Can Lean Manufacturing and the Smart Factory Co-Exist in 2020?

Lean manufacturing production has proven to be a valuable methodology to improve productivity while reducing waste and product costs. However, with rapid advancements in i4.0 technologies, many manufacturers dismiss or abandon lean principles in hopes of improving production processes through new technology adoption alone. Are these manufacturers leaving hundreds of thousands of dollars on the table or are lean principles irrelevant in today’s smart factory environments?

In our on-demand webinar, “The Next Generation of Lean into the Connected Factory”, Shologix in-house lean manufacturing expert, Martin Boersema, explains that lean manufacturing still holds weight in today’s shop floors and its methodology not only co-exists with smart factories, but the two are in fact, married.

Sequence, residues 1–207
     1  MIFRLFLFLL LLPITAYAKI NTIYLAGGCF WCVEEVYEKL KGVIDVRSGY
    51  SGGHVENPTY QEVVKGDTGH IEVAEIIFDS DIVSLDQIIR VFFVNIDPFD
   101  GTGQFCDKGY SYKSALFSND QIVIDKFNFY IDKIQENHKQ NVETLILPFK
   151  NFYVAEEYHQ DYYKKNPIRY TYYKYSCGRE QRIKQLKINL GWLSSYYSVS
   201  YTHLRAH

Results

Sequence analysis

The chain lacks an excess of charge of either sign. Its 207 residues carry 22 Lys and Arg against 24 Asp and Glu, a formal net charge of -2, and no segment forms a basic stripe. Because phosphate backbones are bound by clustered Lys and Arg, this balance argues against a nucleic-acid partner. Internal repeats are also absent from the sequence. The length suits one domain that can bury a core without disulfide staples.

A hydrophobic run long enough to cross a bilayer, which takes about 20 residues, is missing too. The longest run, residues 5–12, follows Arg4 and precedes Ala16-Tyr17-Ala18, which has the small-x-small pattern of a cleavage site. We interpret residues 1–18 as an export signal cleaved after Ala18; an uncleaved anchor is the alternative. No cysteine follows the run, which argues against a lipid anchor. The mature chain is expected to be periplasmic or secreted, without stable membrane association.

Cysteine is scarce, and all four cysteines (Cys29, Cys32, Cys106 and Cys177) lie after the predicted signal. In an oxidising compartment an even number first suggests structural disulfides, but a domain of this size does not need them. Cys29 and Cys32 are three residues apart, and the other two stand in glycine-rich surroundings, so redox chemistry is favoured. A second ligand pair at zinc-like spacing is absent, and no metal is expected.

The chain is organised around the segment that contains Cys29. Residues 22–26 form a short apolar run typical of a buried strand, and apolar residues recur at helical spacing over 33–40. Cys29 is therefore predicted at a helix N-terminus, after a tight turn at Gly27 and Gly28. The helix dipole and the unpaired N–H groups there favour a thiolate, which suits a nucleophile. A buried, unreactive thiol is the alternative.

Throughout his 15 years of experience as a manufacturing change agent, Martin has spearheaded lean kaizen activities at the work cell level as well as applied lean management tools to daily production operations. He has experienced first-hand the power of lean initiatives on production performance when applied and supported by smart factory technology.

“A connected smart factory does not conflict with lean initiatives, it supports them by providing real-time data at your fingertips, supplements them by using data to uncover new opportunities, accelerates them by speeding up data collection, and helps to sustain the results through visualization and democratization of gains. The interconnectedness of lean objectives and processes and the right smart factory technology is a powerful relationship that can elevate operational performance, continuous improvement, and company culture in a short period of time.”

Let’s take a step back. First, what is lean manufacturing?